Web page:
Our Gluten-Free Cinco de Mayo

To simplify our meal preparation, we usually maintain a supply of cooked rice, beans and chicken in the fridge and then flavor them in different ways throughout the week.

One of the yummy ways we combine the chicken, beans and rice is to rewarm the ingredients and then:

1. Spread a thin layer of cooked rice on a plate.

2. Add some black beans.

3. Add some cooked chicken and the Cinco de Mayo Green Sauce.

4. Sprinkle on some cheese.

5. Add some Taco Sauce (page 159 from A Recipe for Survival) or Sister’s Salsa (page 155 from A Recipe for Survival.)

6. Add some fresh, chopped cilantro and lettuce, along with salt and pepper to taste, and enjoy!

7. Sometimes, we include a batch of chips, made from the Tortilla recipe on page 115 of A Recipe for Survival.

April Thanksgiving: Great Things He Has Done

This year, my birthday celebrations included a gift from God… Brody received a promotion at his job! He had been applying to this position in various locations around the country for about 18 months, and finally the position became available here at his own office. He applied again, and this time, received the position. We found out on my birthday! We praise the Lord for His kind provision for us all these years through Brody’s previous position and for His blessing of a new position which Brody loves. It’s a natural fit for his abilities and will give him opportunity to grow in new ways as well.

I immediately thought of Psalm 126 when we found out about his promotion. While this Psalm is specifically about the Israelites’ return from captivity, I can relate to their joy and praise to God for the great things He has done for them as well as for us. This definitely seems like a dream come true; I had even said to Brody 18 months ago that if the position were available at his local office that would be wonderful! So far, he’s enjoying settling into his new office and responsibilities and is very thankful for the support of his coworkers.

One of Brody’s coworkers jokingly mentioned that as the newest arrival in the office, he needed to bring in a cake, and that carrot cake was his favorite. Since we had already developed a carrot cake recipe that works for Brody, he said he would bring it in. Another coworker, overhearing the conversation, asked if the recipe is in our book since he already had purchased a copy of A Recipe for Survival. When Brody mentioned this conversation to me, I decided it was time to post the photo of our Brody-safe carrot cake along with the instructions to modify the Chocolate Cake on page 174 of A Recipe for Survival. So, while he’s busily baking, I’m preparing this post. 🙂 He’ll take the cake to work tomorrow, and we’ll see how the office likes the recipe!

Gluten-free, Corn-free, Potato-free Carrot Cake

Carrot Cake

Follow the recipe on page 174 of A Recipe for Survival for Chocolate Cake and make these modifications:

A Recipe for Survival Modifications for Carrot Cake

If you have any questions on the modifications, just ask for clarification! Enjoy! And remember to thank the Lord and praise Him publicly for the great things He has done for you.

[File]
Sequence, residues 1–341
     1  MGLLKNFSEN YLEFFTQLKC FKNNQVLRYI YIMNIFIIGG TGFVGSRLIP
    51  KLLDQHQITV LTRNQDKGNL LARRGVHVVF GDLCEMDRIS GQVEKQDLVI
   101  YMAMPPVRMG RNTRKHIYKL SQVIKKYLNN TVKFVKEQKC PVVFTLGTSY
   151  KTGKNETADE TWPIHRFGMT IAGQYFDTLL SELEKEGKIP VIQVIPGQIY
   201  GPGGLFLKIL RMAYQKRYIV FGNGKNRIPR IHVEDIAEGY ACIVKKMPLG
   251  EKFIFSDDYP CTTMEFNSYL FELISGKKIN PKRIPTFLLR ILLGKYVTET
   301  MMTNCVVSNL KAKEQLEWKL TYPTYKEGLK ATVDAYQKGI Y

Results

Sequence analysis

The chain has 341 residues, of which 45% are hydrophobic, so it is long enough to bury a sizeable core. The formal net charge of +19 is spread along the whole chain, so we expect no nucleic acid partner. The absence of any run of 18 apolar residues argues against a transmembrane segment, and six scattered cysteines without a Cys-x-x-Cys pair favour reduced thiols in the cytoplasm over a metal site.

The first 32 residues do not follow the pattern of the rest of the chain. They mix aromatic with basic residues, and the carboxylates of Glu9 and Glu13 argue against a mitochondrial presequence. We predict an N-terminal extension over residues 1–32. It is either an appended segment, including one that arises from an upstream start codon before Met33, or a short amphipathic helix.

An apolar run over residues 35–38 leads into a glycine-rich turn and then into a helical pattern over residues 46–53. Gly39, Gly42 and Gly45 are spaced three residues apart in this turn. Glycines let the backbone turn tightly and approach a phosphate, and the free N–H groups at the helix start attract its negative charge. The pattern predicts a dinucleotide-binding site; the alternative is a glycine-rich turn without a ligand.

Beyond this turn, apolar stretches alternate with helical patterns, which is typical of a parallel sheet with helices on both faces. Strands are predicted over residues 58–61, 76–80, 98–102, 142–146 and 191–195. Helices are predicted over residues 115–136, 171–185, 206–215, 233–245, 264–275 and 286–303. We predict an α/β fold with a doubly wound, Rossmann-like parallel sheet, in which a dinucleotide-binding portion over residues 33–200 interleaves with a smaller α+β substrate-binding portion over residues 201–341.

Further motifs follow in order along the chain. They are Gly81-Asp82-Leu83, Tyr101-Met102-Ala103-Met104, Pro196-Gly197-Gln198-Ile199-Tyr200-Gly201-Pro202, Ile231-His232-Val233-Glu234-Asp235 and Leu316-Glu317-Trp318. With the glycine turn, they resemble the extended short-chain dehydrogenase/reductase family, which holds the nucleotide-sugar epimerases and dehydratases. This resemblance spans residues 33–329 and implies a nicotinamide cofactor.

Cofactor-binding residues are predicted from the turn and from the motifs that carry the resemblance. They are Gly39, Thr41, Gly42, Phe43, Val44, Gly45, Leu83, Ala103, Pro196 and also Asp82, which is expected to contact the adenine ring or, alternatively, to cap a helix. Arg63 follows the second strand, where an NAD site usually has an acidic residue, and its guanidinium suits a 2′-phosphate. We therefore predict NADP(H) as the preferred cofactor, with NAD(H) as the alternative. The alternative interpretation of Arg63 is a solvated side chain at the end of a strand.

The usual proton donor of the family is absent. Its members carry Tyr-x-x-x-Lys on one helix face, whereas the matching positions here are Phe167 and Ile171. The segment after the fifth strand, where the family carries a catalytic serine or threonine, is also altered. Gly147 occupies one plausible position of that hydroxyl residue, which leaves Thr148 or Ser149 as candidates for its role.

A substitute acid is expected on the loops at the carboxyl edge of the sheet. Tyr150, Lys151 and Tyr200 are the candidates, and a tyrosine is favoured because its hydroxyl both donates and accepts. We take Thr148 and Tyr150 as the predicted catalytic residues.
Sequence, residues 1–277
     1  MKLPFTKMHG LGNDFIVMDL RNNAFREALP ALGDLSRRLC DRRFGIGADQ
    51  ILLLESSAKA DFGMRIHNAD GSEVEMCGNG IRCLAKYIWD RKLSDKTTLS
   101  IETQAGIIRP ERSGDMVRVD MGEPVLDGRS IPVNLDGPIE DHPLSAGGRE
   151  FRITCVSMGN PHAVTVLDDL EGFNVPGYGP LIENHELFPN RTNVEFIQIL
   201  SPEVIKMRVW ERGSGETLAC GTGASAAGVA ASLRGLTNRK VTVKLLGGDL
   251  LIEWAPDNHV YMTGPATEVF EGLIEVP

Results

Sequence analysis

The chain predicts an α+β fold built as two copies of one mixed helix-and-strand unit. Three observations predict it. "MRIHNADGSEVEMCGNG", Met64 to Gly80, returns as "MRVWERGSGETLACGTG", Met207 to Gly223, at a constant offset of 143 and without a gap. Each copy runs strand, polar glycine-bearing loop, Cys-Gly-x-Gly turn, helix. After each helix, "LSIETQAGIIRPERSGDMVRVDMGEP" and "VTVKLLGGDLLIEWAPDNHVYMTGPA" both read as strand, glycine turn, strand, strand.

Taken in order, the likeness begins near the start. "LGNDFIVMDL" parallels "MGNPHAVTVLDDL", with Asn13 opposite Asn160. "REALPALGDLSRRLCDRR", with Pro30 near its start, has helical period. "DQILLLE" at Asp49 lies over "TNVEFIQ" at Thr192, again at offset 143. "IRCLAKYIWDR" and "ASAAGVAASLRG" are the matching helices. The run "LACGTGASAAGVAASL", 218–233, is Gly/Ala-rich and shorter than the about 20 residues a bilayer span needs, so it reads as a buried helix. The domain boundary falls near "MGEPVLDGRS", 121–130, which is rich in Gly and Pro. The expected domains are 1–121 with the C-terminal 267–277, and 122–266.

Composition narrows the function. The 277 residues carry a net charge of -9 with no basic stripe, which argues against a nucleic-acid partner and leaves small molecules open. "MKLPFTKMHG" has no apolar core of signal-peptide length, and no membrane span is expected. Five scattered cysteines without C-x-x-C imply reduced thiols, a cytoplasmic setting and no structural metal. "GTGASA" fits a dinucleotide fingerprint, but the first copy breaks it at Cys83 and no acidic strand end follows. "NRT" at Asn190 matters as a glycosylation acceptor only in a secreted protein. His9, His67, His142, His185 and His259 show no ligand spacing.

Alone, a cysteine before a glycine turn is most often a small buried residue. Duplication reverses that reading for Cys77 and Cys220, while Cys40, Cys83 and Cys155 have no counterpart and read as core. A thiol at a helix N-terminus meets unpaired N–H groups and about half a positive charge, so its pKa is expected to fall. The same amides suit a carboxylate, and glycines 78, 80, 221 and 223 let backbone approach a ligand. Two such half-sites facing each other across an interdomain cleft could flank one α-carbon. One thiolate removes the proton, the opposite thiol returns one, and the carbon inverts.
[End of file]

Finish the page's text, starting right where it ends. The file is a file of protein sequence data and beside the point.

When the Lord brought back the captive ones of Zion, 

We were like those who dream.

Then our mouth was filled with laughter

And our tongue with joyful shouting;

Then they said among the nations,

“The Lord has done great things for them.”

The Lord has done great things for us;

We are glad.    Psalm 126:1-3 NASB

Discernment and a New Family Favorite

About a year ago, I posted this photo when I was linking up with Deep Roots at Home. I had cooked this meal of broccoli, rice, and pork with pomegranate juice since someone had given us a couple of pomegranates.

This was my first time to process a pomegranate and I enjoyed a quiet time of removing the undesirable parts from the beautiful and tasty portion.

 

We exercise discernment when we put things into our mouths; shouldn't we also exercise discernment regarding what we take into our minds and hearts?

We exercise discernment when we put things into our mouths; shouldn’t we also exercise discernment regarding what we take into our minds and hearts?

I selected a couple of sermons which Brody had downloaded from the Grace To You website and benefited from listening to John MacArthur’s sermons on discernment.

Principles for Discernment Part 1

Principles for Discernment Part 2

Principles for Discernment Part 3

As I was making a physical distinction between the savory and unsavory parts of the pomegranates, I was listening to these sermons on the importance of distinguishing between truth and half-truth…. and I wondered:

How often each day do we exercise discernment regarding what we put into mouths…? Well, maybe not as often as we should! Right?

But, I suspect that we exercise even less discernment regarding what we accept into our thinking, or into our hearts.

May God lead us in His truth and teach us each day!  Psalm 25:4-6

Last year, when I ground up the pomegranate seeds and separated the seeds from the juice, I developed a new recipe to use the seeds. Brody liked it so well that I decided to share it with my brother’s extended family at Thanksgiving this past fall.

Once again, the desire not to waste anything that could be useful produced a companion recipe that was a real favorite among our family members! Enjoy!

 

Everywhere we look, we can see God's handiwork in His beautiful and orderly creation!